When Lewis and Clark encountered them in October 1805, they called them “Pallotepellows” and estimated their number at around 1,600. The Palouse people were semi-sedentary hunter/gatherers. Acquiring horses early on, they became expert horsemen, breeders, and horse traders. The Appaloosa horse, with its distinctive spotted coat, speed, and stamina, takes its name from the tribe. Like other tribes on the Columbia Plateau, they also depended heavily on fishing in the many rivers of the region.
Though they initially traded with white fur traders and settlers, they soon came into conflict with them as the Palouse people suffered from diseases. In 1847, after a measles epidemic, they fought with the Cayuse in the Cayuse War. In 1855, they were recognized in the Treaty with the Yakama, but the treaty was never recognized by the tribe and they refused to lead the reservation life. However, when that treaty was immediately broken, they joined forces with the Yakama and other tribes in the Yakima War in 1855 and the Coeur d’Alene War of 1858. Some individuals eventually joined reservations. Their descendants today are called “Palouse” by the Yakama Nation and “Palus” by the Colville Confederated Tribes.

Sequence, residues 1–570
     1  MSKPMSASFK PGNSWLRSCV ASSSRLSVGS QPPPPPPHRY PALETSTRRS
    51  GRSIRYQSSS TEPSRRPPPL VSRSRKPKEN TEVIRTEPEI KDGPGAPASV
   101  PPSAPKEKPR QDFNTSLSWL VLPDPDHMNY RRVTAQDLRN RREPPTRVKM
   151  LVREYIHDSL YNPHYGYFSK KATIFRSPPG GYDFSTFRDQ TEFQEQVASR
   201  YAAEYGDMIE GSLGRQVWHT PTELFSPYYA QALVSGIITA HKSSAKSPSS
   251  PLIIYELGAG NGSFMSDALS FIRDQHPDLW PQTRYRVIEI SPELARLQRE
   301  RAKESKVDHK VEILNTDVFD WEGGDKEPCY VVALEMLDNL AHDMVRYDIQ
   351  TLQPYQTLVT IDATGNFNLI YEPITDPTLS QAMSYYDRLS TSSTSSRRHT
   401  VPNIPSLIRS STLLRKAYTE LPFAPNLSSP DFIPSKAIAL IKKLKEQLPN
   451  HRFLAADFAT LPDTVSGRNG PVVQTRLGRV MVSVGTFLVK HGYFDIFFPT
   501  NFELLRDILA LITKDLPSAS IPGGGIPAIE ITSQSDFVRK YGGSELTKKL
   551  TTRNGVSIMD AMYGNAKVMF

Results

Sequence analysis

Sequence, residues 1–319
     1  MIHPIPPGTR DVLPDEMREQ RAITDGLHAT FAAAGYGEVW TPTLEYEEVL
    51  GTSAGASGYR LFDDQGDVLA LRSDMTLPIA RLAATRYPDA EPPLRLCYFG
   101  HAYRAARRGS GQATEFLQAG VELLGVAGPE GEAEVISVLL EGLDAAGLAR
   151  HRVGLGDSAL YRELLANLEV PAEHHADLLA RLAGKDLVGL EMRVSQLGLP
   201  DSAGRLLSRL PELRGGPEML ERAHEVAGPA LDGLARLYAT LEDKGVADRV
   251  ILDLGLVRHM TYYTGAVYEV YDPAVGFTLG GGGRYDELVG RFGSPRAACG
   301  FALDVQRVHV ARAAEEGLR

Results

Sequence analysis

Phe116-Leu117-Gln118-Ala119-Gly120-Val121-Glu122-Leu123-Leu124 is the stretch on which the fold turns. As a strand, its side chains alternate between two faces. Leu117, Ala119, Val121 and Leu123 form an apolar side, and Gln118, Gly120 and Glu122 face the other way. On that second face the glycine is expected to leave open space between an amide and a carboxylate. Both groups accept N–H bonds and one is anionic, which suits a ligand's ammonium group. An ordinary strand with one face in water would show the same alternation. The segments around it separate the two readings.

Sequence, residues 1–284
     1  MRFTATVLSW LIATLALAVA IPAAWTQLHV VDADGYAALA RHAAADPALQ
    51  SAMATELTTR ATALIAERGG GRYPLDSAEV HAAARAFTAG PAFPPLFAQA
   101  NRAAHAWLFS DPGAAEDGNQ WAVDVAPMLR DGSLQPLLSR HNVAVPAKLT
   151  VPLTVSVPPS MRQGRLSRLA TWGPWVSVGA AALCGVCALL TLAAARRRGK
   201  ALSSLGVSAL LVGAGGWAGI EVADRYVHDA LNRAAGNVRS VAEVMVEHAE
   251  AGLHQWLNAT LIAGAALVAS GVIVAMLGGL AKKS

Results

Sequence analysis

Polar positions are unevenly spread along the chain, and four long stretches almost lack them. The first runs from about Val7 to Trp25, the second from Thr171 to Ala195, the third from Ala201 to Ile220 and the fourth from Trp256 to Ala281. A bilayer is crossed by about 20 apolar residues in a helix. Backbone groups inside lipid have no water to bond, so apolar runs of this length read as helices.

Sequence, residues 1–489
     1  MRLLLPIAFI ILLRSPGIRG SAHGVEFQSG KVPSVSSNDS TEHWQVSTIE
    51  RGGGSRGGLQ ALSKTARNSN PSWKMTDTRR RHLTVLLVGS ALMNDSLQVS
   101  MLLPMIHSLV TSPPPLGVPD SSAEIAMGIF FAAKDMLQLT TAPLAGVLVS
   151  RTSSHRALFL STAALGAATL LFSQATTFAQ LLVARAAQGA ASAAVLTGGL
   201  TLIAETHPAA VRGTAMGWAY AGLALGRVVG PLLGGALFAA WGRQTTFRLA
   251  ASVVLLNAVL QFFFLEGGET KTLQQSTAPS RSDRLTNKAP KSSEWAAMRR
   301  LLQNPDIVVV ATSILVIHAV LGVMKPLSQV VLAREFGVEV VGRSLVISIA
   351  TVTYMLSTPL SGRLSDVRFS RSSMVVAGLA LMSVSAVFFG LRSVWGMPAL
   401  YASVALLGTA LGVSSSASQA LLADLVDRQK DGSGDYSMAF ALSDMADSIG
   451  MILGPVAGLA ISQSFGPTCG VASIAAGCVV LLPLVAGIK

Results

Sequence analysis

Today they are enrolled in the federally recognized Confederated Tribes and Bands of the Yakama Nation and are represented by the Colville Confederated Tribes.
By Kathy Weiser-Alexander, updated December 2018.